Stanford pioneering several groundbreaking medical devices
January 14, 2015
Scientists at Stanford University have been pioneering medical device development in the way of tiny implants that could one day deliver hyper-localized treatment for illnesses and pain.
Approaching chronic pain relief with optogenetics A team of scientists and engineers at Stanford have been studying treatments for chronic pain and hope to find a solution through optogenetics, a process that uses light to control neurons. According to the Stanford Medicine News Center, the team hopes that these tiny devices will provide a viable alternative to narcotics and surgery, both of which come with uncomfortable side effects and significant risk - and unfortunately, oftentimes little relief.
"Most people don't even achieve 50 percent pain control," said David Clark, a professor of anesthesiology, perioperative and pain medicine in the report.
The Bio-X project combines electrical engineering, bioengineering and anesthesia to solve such problems. Bio-X fellow Kate Montgomery and Scott Delp, professor of bioengineering and mechanical engineering, have found a way to use optogenetics to manipulate neurons that transmit chronic pain. A certain color can stop nerves from firing, while another can have the opposite effect.
The team hopes to combine the optogenetic capabilities of the device with wireless technology so that they can design their experiments, currently being tested on mice, to more closely mimic the true experience of the patient. Wiring and batteries make devices cumbersome and less useful, as the university reports that patients frequently complain about the activities they miss out on due to their chronic pain and need total liberation from their treatment forms.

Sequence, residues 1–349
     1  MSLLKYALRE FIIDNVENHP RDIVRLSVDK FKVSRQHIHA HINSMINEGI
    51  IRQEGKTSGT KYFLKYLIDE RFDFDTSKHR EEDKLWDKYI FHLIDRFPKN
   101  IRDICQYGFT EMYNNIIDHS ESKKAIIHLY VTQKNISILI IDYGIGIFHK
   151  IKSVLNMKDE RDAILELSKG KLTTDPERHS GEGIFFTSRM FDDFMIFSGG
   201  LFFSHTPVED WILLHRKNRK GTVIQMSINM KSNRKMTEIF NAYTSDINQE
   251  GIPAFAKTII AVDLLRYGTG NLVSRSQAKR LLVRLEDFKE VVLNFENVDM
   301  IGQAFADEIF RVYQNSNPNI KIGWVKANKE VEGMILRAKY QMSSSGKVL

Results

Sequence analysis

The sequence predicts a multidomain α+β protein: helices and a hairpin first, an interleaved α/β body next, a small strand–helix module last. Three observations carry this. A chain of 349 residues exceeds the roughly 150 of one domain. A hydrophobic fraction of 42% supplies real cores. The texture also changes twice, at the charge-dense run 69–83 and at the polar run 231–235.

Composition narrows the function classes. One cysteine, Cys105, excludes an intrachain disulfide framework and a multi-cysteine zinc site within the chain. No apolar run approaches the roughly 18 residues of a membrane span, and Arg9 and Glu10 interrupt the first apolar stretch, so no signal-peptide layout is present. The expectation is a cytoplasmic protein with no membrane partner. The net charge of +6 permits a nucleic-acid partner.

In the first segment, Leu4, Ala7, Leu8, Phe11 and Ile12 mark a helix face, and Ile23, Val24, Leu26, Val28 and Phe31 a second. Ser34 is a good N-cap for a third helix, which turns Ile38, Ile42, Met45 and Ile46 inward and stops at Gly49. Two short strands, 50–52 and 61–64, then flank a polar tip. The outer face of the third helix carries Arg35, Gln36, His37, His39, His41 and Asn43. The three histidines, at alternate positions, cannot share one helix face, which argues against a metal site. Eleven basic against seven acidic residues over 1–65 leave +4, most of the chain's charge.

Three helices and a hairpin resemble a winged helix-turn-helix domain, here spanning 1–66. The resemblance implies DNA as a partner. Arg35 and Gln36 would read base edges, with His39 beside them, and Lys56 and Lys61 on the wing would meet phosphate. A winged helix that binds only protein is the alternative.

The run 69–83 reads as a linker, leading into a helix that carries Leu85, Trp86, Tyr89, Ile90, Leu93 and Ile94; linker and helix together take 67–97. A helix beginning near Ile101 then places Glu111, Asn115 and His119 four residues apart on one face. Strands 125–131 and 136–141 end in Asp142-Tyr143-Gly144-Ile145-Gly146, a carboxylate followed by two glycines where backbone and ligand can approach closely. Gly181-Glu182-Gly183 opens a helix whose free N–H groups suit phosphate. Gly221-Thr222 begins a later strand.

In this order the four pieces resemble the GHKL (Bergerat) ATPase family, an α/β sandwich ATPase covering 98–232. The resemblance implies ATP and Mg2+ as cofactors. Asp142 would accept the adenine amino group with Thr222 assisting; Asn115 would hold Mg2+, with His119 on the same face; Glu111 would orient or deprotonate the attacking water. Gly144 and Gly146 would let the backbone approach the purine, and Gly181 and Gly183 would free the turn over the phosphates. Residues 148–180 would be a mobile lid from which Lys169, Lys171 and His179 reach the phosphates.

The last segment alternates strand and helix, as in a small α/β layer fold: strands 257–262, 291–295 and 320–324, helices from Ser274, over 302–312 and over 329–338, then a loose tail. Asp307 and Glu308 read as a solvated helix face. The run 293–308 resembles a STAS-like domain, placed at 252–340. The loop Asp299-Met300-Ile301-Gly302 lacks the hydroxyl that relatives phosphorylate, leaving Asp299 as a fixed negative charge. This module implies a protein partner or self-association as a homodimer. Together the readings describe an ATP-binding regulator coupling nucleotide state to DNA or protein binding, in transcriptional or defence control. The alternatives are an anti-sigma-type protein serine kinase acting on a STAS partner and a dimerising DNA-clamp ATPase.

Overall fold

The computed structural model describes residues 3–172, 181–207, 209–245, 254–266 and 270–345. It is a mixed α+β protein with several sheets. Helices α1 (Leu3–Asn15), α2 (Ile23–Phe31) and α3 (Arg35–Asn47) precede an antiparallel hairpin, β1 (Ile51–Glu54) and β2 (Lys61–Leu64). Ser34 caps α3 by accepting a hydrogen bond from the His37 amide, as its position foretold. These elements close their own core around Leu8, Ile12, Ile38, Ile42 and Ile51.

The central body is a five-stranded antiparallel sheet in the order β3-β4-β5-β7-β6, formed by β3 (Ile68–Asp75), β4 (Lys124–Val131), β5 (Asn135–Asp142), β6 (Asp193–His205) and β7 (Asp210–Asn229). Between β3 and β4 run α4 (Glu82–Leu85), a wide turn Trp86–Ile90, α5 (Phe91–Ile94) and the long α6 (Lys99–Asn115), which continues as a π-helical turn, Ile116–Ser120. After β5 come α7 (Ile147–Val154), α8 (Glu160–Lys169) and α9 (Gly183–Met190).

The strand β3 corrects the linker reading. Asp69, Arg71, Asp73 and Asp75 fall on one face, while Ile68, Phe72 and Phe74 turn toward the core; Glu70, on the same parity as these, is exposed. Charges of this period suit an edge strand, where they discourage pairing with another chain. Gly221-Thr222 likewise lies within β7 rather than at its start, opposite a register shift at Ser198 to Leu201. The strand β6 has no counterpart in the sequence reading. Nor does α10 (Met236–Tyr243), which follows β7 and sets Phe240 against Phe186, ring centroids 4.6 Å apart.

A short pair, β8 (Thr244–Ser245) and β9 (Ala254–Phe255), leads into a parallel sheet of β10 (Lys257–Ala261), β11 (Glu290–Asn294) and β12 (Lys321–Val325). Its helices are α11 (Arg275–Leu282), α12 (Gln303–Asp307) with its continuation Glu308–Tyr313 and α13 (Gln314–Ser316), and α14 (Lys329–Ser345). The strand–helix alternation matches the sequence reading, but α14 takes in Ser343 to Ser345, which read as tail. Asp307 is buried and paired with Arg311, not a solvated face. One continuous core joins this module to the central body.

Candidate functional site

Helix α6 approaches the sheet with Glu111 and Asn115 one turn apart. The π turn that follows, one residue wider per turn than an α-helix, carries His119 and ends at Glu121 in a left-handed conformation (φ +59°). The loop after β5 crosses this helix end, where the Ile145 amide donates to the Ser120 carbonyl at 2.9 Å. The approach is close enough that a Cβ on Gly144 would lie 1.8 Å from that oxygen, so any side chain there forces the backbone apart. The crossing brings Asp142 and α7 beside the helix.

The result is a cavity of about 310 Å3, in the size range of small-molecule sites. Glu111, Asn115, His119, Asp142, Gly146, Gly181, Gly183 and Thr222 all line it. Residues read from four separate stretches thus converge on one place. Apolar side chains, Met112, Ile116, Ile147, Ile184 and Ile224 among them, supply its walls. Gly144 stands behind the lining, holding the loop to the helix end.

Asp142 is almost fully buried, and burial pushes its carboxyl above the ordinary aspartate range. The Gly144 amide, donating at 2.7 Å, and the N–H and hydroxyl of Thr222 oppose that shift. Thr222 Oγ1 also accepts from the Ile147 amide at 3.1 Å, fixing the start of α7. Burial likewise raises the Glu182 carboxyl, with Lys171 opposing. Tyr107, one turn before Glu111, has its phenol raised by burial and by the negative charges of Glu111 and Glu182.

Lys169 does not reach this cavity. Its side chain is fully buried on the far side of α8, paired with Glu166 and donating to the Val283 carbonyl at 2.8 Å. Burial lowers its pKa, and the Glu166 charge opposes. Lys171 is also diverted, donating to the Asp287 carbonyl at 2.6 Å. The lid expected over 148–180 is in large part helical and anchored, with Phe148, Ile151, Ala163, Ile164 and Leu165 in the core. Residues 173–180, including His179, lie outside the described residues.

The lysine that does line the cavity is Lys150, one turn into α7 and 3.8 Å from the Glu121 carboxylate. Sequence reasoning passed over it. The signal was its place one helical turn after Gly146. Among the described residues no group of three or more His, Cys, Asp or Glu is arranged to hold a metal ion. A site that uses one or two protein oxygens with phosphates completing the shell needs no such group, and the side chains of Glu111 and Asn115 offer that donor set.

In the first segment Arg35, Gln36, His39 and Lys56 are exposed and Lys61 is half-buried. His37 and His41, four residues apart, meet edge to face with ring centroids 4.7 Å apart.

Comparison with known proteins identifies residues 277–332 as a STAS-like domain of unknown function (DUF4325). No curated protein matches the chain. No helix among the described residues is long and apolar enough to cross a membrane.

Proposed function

Using ultrasound to power devices wirelessly Luckily, they have made groundbreaking steps towards creating the needed wireless technology to power a new generation of medical devices, says another release by Stanford News. Ultrasound, which has been used safely in fetal imaging for years, can deliver energy to smart chips that are a millimeter or less in size.
The team hopes that this method will not only help treat chronic pain, but also perform a multitude of other medical tasks such as neurological study. Ultrasound is able to power the tiny medical devices by converting sound waves into electricity through "piezoelectricity," a form of electricity created by fluctuating pressure.
The medical implant, which is made of piezoelectric material, allows for an rapid compression and decompression caused by sound pressure that generates a charge. The molecular structure of the material springs back into shape when the pressure subsides - a process that Stanford reports works like an electrical spring, somewhat similar to jumping on a bed. This charge subsequently powers the device, which can process and execute commands as well as report activity back to an external location.
A team presented the prototype of the tiny, wireless implant system in San Jose at the IEEE Custom Integrated Circuits Conference recently. Though it is currently the size of the head of a ballpoint pen, the university hopes that it will eventually be one tenth that size and assist in the integrated study of the central nervous system to help solve problems like Parkinson's disease.
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